Wallace Terry

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For the 19th century baseball player, see Wallace Terry (baseball).
Wallace Terry (right) interviews G.I. in Vietnam 1969

Wallace Houston Terry, II (April 21, 1938 - May 29, 2003) was an African-American journalist and oral historian, best known for his book about black soldiers in Vietnam, Bloods: An Oral History of the Vietnam War (1984), which served as a basis for the 1995 crime thriller Dead Presidents.

Terry had a wide-ranging and eclectic career that reflected his many interests. Though primarily a journalist, he was also an ordained minister in the Church of the Disciples of Christ, and worked as a radio and television commentator, public lecturer, and advertising executive. He taught journalism at Howard University and The College of William & Mary, where he sat on the board of trustees.

Early life[edit]

Terry was born in New York City and raised in Indianapolis, Indiana, where he was an editor of the Shortridge Daily Echo, one of the few high-school dailies in America. As a reporter for The Brown Daily Herald, he posed as a waiter to get an interview with Orval Faubus, the outspoken segregationist governor of Arkansas, and gained national attention when a photograph of him shaking hands with Faubus hit the front page of The New York Times on September 14, 1957. Later, at Brown University, Terry became the first black editor-in-chief of an Ivy League newspaper. He did graduate studies in theology as a Rockefeller Fellow at the University of Chicago, and in international relations as a Nieman Fellow at Harvard University.

Career[edit]

When only 19, Terry was hired by the Washington Post in 1960 and later worked for Time magazine, from 1963.[1] In 1967, Terry left for Vietnam, where he became deputy bureau chief for Time in Saigon and the first black war correspondent on permanent duty. For two years, he covered the Tet Offensive, flew scores of combat missions with American and South Vietnamese pilots, and joined assault troops in the Ashau Valley and on Hamburger Hill. Fellow reporters admired his rescue, along with The New Republic correspondent Zalin Grant, of the bodies of four newsmen killed by the Viet Cong on May 5, 1968, during the Mini-Tet Offensive in Saigon, following directions from ambush survivor Frank Palmos and New Zealand military personnel.

Terry’s 1967 Time cover story, “The Negro in Vietnam”,[2] enjoyed a huge success, and he vowed that he would one day write a book about the sacrifices of black soldiers in Vietnam.[citation needed] His wife, Janice, a former schoolteacher who was his close collaborator, later wrote:[citation needed]

For Wally, getting his book published became an obsession, a shadowy thing that was like another heartbeat in our household. It sat with us at the dinner table. It watched the evening news with us. It went with us to the movies, to church, to the grocery store. After thirteen years, we had sent the manuscript to a hundred publishers—and received a hundred rejections.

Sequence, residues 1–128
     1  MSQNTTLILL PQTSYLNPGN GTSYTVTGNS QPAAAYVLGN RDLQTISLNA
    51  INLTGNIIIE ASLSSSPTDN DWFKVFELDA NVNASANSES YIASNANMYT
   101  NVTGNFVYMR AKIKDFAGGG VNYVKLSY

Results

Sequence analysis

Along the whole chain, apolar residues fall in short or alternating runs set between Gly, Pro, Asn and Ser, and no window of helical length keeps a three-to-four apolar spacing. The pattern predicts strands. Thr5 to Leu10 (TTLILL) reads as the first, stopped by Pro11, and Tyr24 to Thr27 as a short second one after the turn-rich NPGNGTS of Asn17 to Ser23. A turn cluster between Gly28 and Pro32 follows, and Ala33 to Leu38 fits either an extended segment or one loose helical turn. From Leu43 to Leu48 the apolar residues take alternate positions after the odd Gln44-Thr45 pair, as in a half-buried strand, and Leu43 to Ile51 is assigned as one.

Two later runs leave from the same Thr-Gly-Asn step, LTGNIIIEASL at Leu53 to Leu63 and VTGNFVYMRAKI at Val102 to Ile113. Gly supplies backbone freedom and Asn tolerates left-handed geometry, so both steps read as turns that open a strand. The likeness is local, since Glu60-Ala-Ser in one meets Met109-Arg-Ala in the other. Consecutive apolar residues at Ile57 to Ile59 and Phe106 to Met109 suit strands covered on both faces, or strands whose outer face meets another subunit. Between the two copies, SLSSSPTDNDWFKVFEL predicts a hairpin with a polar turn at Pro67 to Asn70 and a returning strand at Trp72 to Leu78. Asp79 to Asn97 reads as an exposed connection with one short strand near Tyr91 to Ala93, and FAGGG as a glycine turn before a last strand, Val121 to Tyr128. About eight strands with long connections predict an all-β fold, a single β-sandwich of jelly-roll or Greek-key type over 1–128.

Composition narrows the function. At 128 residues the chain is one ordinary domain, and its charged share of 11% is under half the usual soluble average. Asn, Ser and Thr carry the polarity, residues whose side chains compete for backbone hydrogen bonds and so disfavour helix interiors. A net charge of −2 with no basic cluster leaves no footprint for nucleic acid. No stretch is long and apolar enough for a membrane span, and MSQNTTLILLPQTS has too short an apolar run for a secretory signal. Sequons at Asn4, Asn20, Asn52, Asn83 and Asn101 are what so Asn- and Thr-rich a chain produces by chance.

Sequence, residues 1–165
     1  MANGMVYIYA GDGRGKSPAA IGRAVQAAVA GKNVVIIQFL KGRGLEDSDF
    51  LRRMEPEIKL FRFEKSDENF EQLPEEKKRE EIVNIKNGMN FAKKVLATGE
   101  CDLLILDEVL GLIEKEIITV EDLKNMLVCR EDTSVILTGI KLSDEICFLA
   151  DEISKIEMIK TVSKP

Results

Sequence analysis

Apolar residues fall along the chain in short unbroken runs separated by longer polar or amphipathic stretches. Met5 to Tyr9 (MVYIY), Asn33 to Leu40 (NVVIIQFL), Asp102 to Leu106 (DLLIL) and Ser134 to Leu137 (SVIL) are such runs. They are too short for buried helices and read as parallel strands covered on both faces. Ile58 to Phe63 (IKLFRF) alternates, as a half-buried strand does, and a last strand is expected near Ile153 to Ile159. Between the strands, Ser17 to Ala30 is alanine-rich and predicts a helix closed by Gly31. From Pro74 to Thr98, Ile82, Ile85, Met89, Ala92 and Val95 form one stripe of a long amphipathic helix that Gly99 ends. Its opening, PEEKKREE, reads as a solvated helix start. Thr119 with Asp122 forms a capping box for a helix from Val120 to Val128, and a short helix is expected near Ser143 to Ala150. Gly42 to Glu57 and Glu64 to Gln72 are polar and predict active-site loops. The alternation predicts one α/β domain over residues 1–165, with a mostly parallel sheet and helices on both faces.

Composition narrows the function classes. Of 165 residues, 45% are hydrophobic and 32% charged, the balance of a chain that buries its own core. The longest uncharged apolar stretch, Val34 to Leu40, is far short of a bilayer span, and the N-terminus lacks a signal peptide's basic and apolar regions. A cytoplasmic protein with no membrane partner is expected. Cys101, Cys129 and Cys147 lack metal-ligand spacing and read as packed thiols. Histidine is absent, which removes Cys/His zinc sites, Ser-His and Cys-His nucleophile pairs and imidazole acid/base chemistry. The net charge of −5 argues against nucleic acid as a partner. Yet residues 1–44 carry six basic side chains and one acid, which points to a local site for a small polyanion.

Finally, there was a breakthrough. The book Bloods: An Oral History of the Vietnam War by Black Veterans was published in June 1984 by Random HouseTerry, Wallace (1984). Bloods: An Oral History of the Vietnam War by Black Veterans. Random House. ISBN 0394530284.  (ISBN 978-0-394-53028-4) and became a national bestseller[citation needed], nominated for a Pulitzer Prize[citation needed]. "And that shadowy thing in our lives finally disappeared", Janice Terry wrote.[citation needed]

Wallace Terry wrote and narrated the only documentary recording from the Vietnam battlefields, Guess Who's Coming Home: Black Fighting Men Recorded Live in Vietnam, which was released by Motown in 1972[citation needed] and re-released independently in 2006 as a CD.[citation needed] He wrote and narrated the PBS Frontline show, "The Bloods of Nam",[3] the Mutual Broadcasting show Marching to Freedom, which won an NEA citation and the Edward R. Murrow Brotherhood Award from B'nai B'rith.[citation needed]

In 1992, Terry became the first J. Saunders Redding Visiting Fellow at Brown University. In 2000, the Brown University Alumni Magazine named him one of 100 graduates who made the greatest contributions to the 20th Century.[citation needed]

Death and legacy[edit]

Wallace and Janice Terry

In 2003, Wallace Terry developed a rare vascular disease called Wegener's granulomatosis, which strikes about one in a million people. The disease can be treated with drugs, but in his case it was diagnosed too late. He died under treatment at a Fairfax, Virginia hospital on May 29, 2003.

He is survived by his wife of forty years, Janice Terry (née Jessup), and by their three children: Tai, Lisa, and David, and two grandchildren: Noah and Sophia.

At the time of his death, Wallace Terry was working on Missing Pages: Black Journalists of Modern America: An Oral History. The book was published posthumously in June 2007 to wide praise. Pulitzer Prize Winner Cynthia Tucker called it a "treasure trove of history" in the May/June 2007 issue of the Columbia Journalism Review.[4]

Books[edit]

References[edit]

  1. ^ "A Letter From the Publisher". Time. September 19, 1969. 
  2. ^ Terry, Wallace. "The Negro in Vietnam". Time. 
  3. ^ Terry, Wallace & Ewing, Wayne (Producer) (May 0, 1986). "The Bloods of Nam". Frontline (PBS). 
  4. ^ Cynthia Tucker, Columbia Journalism Review, A Place at the Table: Setting the record straight on early black journalists, May/June 2007

External links[edit]